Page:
Wednesday, January 23, 2008

Whose point of view to use?

When it comes to writing, point of view (POV for short), basically means, through which character (and his or her thoughts and feelings) will the reader be sharing the activity of the story? Unless you're writing in the first person ("I"), or using the same character's POV for the entire book (I've done this in a novella, "Comfort and Joy," in THE CHRISTMAS VISIT -- the best novella I think I've written, actually), one of the trickiest decisions to make for any scene concerns which character's POV you're going to use.

How do I decide?

I consider who's going to have the greater emotional reaction to what's happening in that scene. Who's going to be the most upset? The most stressed? The most confused?

Because the reader is, in a sense, sharing the consciousness of the POV character, the greater the emotional response the POV character has in a scene, the greater the emotional response in the reader. And that's what it's really all about, isn't it? Evoking an emotional response in the reader.

Dramatic tension doesn't have to mean car chases or runaway horses, Snidely Whiplash villains planning dastardly acts, or emotionally fraught scenes of death and destruction. There can be great drama in a simple activity like pouring a cup of coffee, depending on how the characters react to it. That's why I try to I figure out which character's reaction will be the strongest and most deeply felt in a scene, then use his or her POV.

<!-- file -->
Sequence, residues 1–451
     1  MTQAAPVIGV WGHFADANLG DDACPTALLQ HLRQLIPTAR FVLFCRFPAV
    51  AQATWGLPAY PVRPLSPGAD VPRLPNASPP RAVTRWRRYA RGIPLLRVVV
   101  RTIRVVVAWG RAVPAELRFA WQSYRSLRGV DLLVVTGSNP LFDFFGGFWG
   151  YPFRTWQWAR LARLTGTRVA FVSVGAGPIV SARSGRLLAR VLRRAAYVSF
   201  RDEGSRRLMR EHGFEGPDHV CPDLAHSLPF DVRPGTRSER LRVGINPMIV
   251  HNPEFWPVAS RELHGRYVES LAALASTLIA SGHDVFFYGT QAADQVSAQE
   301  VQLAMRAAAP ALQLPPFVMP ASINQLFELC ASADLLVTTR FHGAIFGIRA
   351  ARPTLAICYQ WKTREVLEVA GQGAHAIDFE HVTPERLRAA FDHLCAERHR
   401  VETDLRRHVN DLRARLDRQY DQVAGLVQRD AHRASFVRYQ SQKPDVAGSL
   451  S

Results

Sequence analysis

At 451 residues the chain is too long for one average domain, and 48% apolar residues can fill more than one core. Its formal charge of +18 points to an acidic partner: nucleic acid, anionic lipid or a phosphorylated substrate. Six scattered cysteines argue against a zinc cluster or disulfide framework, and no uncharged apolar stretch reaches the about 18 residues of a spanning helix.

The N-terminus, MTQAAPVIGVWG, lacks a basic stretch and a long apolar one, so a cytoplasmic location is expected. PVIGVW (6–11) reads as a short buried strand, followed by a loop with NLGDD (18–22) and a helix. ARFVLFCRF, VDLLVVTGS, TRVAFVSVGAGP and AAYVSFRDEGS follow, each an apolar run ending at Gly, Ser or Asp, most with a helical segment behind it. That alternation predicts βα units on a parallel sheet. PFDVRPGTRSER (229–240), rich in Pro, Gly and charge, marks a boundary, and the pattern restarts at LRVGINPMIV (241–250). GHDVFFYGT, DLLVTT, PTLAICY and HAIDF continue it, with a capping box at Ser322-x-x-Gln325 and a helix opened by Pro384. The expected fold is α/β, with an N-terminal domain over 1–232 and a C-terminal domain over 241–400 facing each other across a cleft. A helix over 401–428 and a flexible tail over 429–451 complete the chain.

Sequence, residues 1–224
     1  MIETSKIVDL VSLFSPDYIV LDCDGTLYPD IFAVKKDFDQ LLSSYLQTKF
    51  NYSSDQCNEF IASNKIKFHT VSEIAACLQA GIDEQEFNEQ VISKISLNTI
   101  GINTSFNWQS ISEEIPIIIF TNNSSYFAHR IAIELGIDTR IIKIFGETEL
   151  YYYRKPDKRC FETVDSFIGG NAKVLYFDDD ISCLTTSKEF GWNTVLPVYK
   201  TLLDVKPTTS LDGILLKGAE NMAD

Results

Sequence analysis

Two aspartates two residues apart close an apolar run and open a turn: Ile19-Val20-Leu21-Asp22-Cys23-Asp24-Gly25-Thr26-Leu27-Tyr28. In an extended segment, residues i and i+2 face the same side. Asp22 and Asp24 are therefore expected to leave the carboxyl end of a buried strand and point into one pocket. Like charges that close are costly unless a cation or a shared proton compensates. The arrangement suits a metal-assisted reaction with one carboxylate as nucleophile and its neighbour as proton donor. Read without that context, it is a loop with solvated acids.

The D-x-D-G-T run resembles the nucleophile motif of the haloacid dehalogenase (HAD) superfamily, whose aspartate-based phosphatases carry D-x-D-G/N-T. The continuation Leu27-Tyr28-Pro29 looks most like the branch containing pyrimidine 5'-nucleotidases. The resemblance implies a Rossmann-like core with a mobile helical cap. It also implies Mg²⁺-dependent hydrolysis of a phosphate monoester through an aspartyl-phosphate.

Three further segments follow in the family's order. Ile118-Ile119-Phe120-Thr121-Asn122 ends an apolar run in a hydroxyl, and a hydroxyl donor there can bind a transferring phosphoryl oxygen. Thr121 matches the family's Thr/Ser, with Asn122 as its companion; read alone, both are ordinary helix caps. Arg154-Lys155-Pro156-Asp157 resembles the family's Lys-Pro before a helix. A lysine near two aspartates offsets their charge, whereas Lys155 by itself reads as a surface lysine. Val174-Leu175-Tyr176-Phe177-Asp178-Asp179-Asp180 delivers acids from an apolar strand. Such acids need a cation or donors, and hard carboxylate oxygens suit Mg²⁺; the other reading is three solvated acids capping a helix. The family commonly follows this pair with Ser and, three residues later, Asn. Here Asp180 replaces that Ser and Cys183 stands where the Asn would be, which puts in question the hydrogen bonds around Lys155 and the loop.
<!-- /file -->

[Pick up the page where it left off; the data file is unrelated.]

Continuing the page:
Kimber Chin said...

One of the things I love about romance is that the stories are often told from both the heroine's and hero's point of views.

I love it when the heroine is thinking "does he love me?" when he is really thinking "I wonder if that dress unzips from the back?" LOL

As a writer, I haven't yet been able to progress beyond the two POV's (no villian insights from me).

Margaret Moore said...

That's why I like 'em, too!

I think it makes for a richer, more interesting story if you can get inside the villain's head(s), at least once in a while. Sometimes you may not have the word count to do that, but I like to know why the villain does what he does, even if it's just a sentence.

Kimber Chin said...

I try to show where the villain is coming from without POV. I haven't figured out how to do 3 POV's without looking like I'm headhopping.